COMMON CORE STANDARDS DAILY UPDATE // OCTOBER 09, 2015

News You Can Use:

US News & World Report, “Common Core, Common Measure”: Following reports some states have expanded proficiency metrics to be less rigorous than others, Carmel Martin, executive vice president for the Center for American Progress, writes the “implication is that the Common Core hasn’t solved one problem it was designed to address: varying definitions of student proficiency among states.” But, “for the first time in history, it is now possible to immediately and easily compare student performance between states – and it’s all because of Common Core.” Cut scores for each performance level are the same for all PARCC states, so “regardless of what states call each level in their public reporting, comparing performance across states is easier than ever.” Even while states may put different label on performance levels, Common Core and comparable assessments make it “easy enough to stack up” the results. “As a result, states, schools and teachers can learn from each other in exciting ways,” Martin explains. “States need to be honest with parents and the public about how they’re describing student performance…[But] Common Core and aligned assessments have transformed our ability to make accurate comparisons of student performance between states. This revolution is a victory for the Common Core.”

What It Means: Martin makes two important points: First, new high-quality assessments aligned to Common Core State Standards are giving parents and teachers honest information about student performance, which is comparable between states. Louisiana State Superintendent John White explains, “States have adopted higher standards, states have tests that measure those standards and they’re comparable, so there can be an honest baseline…That is a fantastic success for each state.” Martin also makes clear that states have a responsibility to be transparent about how they define proficiency. By expanding proficiency to include students who are not yet on track for college- and career-readiness states risk walking back efforts to raise classroom expectations. Aaron Churchill at the Fordham Institute writes that setting proficiency benchmarks too low will maintain states’ Honesty Gaps, which mask learning needs and impede efforts to fully prepare students for college and career.

Lowell Sun, “Higher Ed Leaders Make Push for PARCC Testing”: Several Massachusetts higher education experts said the state’s MCAS tests are not adequately measuring student readiness. “Students are coming to us not ready for college work,” said Former Education Commissioner Richard Freeland during a forum hosted by the Boston Foundation. “We have set the bar too low. We have set the bar at a minimum standard of tenth grade work…I think it’s time for us to talk less about how great we are and more about how many students are failing. And that’s what PARCC is about.” Another former state education commissioner, Robert Antonucci, added that MCAS assessments were not intended to measure college readiness. “It was a competency test to look at what students should be able to do when they graduate at the high school level. It had no connection to higher education, none whatsoever,” Antonucci said. “PARCC really is an advanced MCAS test that we should be doing.” Other participants added that schools need the technical support to administer new assessments.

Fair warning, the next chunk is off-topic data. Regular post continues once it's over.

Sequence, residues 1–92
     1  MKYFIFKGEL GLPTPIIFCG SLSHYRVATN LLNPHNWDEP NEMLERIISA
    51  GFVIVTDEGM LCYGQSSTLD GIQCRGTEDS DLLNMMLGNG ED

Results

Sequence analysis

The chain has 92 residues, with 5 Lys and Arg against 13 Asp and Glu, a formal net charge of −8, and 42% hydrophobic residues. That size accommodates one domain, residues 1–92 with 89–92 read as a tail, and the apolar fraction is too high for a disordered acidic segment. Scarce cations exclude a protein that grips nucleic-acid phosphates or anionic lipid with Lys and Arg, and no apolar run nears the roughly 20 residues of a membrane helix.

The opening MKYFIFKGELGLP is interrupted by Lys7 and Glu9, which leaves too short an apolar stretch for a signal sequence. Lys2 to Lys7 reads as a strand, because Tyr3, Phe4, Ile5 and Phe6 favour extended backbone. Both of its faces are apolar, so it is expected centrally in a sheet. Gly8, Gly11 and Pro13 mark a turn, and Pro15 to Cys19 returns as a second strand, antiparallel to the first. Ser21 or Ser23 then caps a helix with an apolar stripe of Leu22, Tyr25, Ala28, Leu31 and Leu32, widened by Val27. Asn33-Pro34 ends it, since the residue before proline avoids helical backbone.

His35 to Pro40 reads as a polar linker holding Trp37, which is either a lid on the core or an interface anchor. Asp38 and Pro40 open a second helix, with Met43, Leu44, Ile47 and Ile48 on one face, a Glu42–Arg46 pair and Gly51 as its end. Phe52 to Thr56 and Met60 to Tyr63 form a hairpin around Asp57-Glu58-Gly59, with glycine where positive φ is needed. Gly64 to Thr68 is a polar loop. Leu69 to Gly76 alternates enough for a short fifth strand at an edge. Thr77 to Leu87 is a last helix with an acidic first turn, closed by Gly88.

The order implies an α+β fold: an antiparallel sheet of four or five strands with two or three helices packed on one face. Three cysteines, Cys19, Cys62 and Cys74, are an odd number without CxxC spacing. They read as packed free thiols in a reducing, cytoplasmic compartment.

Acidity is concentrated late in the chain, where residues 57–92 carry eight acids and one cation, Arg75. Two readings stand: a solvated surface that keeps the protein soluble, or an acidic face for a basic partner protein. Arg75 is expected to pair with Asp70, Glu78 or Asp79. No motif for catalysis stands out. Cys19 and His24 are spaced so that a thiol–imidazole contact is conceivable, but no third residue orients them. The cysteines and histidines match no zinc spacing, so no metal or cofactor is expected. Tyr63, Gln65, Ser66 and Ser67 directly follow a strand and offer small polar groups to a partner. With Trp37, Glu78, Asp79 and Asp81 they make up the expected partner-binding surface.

What It Means: High-quality assessments are one of the strongest tools parents and teachers have to measure student development and to identify and address learning needs. Tests aligned to Common Core State Standards, like PARCC, measure the skills students need to succeed at high levels of learning, and to ultimately graduate high school fully prepared for college and careers. Karen Nussle explains, “States are finally measuring to levels that reflect what students need to know and be able to do…For parents and educators, that should come as a welcome change.”


 

Correcting the Record:

Arkansas News Bureau, “Arkansas Education Officials Release Partial Data on PARCC Test Results”: On Thursday, Arkansas education officials released some results from PARCC exams, which were administered in the state this spring. The data included the percentages of students in grades 9-12 scoring a 3 or higher on the assessments. Sixty-four percent of ninth-grade students scored a 3 or higher on the English language arts test, as did 60 percent of 10th graders and 69 percent of 11th graders. However, only 36 percent of 9thgrade students and 37 percent of 10th grade students scored a 4 or above, which PARCC sets as the benchmark for proficiency. Similarly, 60 percent of students scored a 3 or higher on the Algebra I test, and 57 percent on the geometry test. But only 28 percent and 21 percent scored 4 or above on those tests, respectively.